My dad and my brother decided to tack on the Fimmvörðuháls extension at the end, whereas Elliot and I prioritised photography opportunities by spending the last day in Thorsmork. By all accounts the Fimmvörðuháls was totally spectacular, and I'm told we should have done it too. But in hindsight I don't regret our decision at all. In fact if we'd have had another day there I'd have spent that in Thorsmork too, such is the scope for photography in that area. So for others this decision is probably going to depend on whether your priority is photography or hiking/adventure.


Boy, did we plan for this trip. The huts sell out well in advance, so we had to book them as early as possible. We booked in late December, and managed to secure only three of the six hut nights we wanted; going onto a cancellation waiting list for the other three nights. This meant that up until a couple of weeks before we went, we didn't know if we would be camping some nights or not. That's not ideal, so I'd suggest avoiding this situation by either booking earlier than 7 months in advance, or being flexible in your dates, to work around availability. In the end we did get into huts for each night, so we knew we'd be warm and dry come the evening. More importantly it lightened our load; not needing to carry tents, cooking equipment, etc.

Speaking of weight, that was a massive factor in our planning (and concern on my mind). The advice is to carry no more than one third of your body weight for this kind of trek. So for me, that maximum weight allowance was 20 kilograms. I was never going to go genuinely ultralight (this is a whole world within the world of hiking), but it seemed like a fair split would be 5kg for photography kit, 5kg for food, and 10kg for everything else. That was always going to be very very tough to achieve, but it was my goal, and I knew that the lighter my rucksack, the easier the hiking would be, and the more I'd enjoy it. And the more I'd be fit to get out with my camera at the end of the day - which was the main point of going in the first place. So like any healthy obsessive, I drew up a spreadsheet of required kit, including the weight of that kit. The initial weight came in around 25kg. I had a few months to get that down to, or under 20kg. Not needing a tent was a big (albeit last minute) help as that saved me 2kg. Every single item of kit I carried was under scrutiny, and I managed to strip the list down to the bare necessities to make a final weigh-in of 19kg.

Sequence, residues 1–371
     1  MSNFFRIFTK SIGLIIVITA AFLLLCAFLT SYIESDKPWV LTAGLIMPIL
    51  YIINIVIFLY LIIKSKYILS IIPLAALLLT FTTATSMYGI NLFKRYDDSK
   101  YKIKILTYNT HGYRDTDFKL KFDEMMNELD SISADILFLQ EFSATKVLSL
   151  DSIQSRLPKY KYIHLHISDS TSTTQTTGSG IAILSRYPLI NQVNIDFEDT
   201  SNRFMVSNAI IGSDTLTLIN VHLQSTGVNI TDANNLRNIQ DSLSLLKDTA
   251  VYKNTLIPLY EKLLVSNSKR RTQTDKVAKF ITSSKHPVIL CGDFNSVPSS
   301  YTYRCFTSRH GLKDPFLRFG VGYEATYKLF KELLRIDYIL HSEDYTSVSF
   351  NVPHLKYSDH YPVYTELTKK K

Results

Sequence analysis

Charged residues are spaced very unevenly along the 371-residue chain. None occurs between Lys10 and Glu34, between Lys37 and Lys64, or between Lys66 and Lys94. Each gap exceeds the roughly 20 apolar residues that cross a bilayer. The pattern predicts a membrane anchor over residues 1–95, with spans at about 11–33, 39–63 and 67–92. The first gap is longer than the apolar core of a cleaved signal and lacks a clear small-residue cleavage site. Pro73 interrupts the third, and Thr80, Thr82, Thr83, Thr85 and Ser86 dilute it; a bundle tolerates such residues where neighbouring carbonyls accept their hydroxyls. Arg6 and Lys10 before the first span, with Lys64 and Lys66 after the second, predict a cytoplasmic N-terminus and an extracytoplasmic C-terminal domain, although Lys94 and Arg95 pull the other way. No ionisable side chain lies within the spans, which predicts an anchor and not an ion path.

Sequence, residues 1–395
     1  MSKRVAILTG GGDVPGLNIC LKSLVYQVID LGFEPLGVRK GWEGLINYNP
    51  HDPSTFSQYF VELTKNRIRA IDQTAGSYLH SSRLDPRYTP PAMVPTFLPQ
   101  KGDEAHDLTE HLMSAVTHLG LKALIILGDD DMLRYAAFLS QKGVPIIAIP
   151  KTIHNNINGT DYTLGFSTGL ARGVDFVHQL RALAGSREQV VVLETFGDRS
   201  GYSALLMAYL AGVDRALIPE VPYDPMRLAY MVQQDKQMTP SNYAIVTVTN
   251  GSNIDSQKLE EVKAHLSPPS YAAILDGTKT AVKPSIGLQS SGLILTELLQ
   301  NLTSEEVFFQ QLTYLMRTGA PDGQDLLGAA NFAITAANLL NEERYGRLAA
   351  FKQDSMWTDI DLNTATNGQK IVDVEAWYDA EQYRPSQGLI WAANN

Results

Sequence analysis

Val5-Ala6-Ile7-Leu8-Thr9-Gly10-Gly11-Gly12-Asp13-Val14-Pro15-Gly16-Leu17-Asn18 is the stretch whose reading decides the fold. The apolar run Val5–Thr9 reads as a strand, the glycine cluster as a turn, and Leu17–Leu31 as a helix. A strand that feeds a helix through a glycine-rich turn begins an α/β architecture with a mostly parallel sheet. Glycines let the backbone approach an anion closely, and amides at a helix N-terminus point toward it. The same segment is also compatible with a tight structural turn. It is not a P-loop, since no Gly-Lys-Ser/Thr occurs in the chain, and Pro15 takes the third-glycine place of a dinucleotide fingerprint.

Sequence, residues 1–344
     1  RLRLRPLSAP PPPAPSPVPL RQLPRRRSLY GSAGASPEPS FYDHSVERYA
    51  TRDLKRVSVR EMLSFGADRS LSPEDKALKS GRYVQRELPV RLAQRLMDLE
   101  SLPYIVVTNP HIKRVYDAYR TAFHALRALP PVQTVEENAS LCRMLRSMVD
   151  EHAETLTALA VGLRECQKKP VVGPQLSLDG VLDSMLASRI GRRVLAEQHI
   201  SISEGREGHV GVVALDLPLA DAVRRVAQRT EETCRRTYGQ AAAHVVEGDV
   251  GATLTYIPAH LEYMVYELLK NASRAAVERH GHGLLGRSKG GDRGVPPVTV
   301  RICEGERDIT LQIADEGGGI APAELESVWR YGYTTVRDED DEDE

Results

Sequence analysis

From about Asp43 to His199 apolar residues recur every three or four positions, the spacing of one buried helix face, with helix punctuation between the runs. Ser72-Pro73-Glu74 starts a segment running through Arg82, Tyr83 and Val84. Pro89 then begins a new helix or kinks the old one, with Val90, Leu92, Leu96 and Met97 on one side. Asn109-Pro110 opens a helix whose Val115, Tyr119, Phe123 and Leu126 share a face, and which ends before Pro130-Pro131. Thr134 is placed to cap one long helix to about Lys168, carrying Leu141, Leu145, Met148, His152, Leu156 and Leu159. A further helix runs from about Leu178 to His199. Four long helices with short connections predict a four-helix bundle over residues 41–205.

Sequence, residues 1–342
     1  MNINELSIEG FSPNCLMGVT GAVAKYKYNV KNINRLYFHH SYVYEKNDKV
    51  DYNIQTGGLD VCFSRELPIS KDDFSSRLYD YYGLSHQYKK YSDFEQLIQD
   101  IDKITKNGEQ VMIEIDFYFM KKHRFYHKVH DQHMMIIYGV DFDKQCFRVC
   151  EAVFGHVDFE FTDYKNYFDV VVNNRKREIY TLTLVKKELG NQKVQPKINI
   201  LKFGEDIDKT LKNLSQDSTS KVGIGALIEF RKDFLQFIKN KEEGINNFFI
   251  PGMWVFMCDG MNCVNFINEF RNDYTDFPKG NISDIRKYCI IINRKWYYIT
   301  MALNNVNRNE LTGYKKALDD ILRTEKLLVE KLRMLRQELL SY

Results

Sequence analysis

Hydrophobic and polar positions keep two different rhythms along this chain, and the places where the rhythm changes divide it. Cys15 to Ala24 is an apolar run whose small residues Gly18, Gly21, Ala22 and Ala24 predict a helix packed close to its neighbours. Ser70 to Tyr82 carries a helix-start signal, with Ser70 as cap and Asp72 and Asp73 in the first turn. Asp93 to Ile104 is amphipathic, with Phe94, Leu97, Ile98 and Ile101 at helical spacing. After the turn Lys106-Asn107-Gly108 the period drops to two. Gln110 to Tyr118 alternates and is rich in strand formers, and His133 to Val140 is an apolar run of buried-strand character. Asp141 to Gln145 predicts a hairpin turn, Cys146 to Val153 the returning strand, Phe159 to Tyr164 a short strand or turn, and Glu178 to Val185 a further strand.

Below is a list of the kit I took, and my thinking behind it.


  • Rucksack (2,250g)

  • I bought an Osprey Atmos AG 65 backpack. I went to a few shops and tried on different rucksacks, of different brands, and the Osprey AG ("Anti-Gravity") range were a stand-out favourite. The suspension of the weight, and distribution of the load was great. I'd read recommendations of rucksack size for this trek being around the 70 litre mark, but since the Atmos 65 (65 litres) was rated for 20kg of kit, which was all I could carry anyway, I thought I might as well be on the snug side. If nothing else, it would help me stick to that weight limit if there wasn't physically space for more. In hindsight, I'm really pleased with this choice of bag. It was just the right size, and it held up well, keeping the weight off my shoulders. Elliot went for it's big brother; Aether AG 70 litre, and was similarly impressed, so I would suggest this range if you're in the market for a trekking rucksack.

  • Pillow (100g)

  • A cheapo inflatable Quechua pillow from Decathalon. It was fine. I wanted something, as I wanted to be comfortable sleeping, and the inflatable ones were the only ones light enough and packable enough to take. 100g might not seem like much, but I gave serious consideration to everything I took, and I had to really justify the usefulness of a pillow in order to bring it. There are lighter models around, from better brands, but I already had this one, so I decided not to buy another.

  • Sleeping Bag (1,010g)

  • Rab Ascent 400. I splurged a bit on this one, as we weren't sure if we'd be camping when I bought it. So I went for warm, lightweight, down bag, with protection against damp. If you're staying in huts then you won't need one this warm. But it is a good idea to get a down bag, as it packs smaller. In my case, I hope it'll still be handy in the future, to justify the cost.

  • Sleeping bag liner (262g)

  • I got a very warm Reactor Thermolite Liner. Again, planning for camping. If you're in huts a lighter silk liner would be a better option.

  • Trekking poles (480g)